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  • 21 February 2015 11:27
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10 4
I was still a child when I faced a very difficult question for the first time in my life. May be not difficult for the majority, but it was for me, definitely then, unfortunately probably even now. I am not boasting, but I was a kind of a prodigy in a small town and here was a question that I couldn’t just answer:


Who is your favorite hero?


Its not that I didn’t have the knowledge of the then heroes. I could tell about their movies, moves, dialogues and could even mimic some, though I was not greatly into watching movies. But the problem was that I didn’t have any favorite, because I didn’t strongly feel about any actor. Each actor acts well in certain scenes of certain movies and you like them in that scene or movie, but how can you like them as a whole? To complicate matters further, I didn’t have any understanding of my caste, religion or region, to pick an actor on those lines.


So, I didn’t have a favorite actor or a cricketer. Not a big deal right? Except, it was. The big deal was that everyone in my class had one. And I was looked at as if I was weird, as if I was hiding my favorites just be unique, as if I had a tail (I already had horns, being the small town prodigy, remember?). I was called a nerd, a manipulative person, a fence sitter, and a cunning mastermind, just because I didn’t have a bloody favorite actor!!!


To complicate things even further, as if it was even possible, I didn’t have a favorite color. My argument was that why would I have to like a red face, if I like a red car? Different things are good in different colors and our perception of colors change with peer group, time and with our mood. How can then I have a favorite color? And why was it so difficult for the rest of my classmates to understand when it was so obvious to me? To top it off, I sneaked into my dad’s lap one day and asked him "dad! the color I see as red, is it the same as what everyone else is calling red?” It sounded stupid then, but only later I realized that it was indeed a fundamentally un-answerable question1.


So my school life was a bit complicated because every elder, every classmate and every autograph book (yes, we used to have them) would ask me the same questions again and again: who is your favorite cricketer? Who is your favorite actor? And what is your favorite color? It was as if my life depended on it.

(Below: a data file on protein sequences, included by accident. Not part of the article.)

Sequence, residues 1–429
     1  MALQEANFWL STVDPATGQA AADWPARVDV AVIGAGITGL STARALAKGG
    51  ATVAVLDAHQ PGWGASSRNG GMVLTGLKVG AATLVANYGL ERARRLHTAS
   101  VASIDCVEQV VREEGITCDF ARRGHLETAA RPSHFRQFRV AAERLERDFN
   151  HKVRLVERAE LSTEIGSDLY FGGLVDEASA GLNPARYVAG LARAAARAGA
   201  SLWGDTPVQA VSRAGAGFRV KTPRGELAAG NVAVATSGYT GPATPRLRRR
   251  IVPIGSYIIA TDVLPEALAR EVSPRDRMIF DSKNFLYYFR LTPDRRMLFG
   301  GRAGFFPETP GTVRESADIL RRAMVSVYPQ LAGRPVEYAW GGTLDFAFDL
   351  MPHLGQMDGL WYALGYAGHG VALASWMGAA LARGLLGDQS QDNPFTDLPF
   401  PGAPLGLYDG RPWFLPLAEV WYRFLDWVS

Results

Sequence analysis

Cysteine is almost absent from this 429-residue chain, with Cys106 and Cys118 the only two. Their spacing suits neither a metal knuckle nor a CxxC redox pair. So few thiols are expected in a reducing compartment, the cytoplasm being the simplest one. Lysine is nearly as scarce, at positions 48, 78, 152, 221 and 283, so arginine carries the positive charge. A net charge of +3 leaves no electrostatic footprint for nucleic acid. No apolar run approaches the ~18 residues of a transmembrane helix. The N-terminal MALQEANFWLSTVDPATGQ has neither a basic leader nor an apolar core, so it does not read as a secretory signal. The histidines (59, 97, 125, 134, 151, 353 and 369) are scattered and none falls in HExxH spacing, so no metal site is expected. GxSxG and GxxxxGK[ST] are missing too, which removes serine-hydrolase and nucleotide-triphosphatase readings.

People love people who have strong opinions. They feel that friends with strong opinions are leaders, straightforward, faithful and cannot be easily swayed. One may feel that the lack of a strong opinion may reflect a higher intellect, but intelligence is despised anyway. If you really want to be popular in school or in life – I learned the hard way – you should voice strong opinions and sound stupid at least at times. So I started acting as if I had strong opinions and as if I was stupid, until I learned that I was really dumb and never had to act anyway. From then on, life has become easier.


But coming back to feeling strong, the American guidelines for food intake were issued in 1977 and recommended that the dietary fats should be limited to 30% of total daily energy intake and the saturated fats to less than 10% (now it is 5 to 6%). And this month a study was published which told us clearly that there is no evidence to support this claim2. It seems now that we have been advocating a cut down of saturated fats without actual evidence to do so.


So, while you and me can feel strongly about anything, the policy makers need to wait for proper and enough evidence to tell things strongly or they may end up with feet in their mouths rather than saturated fats.






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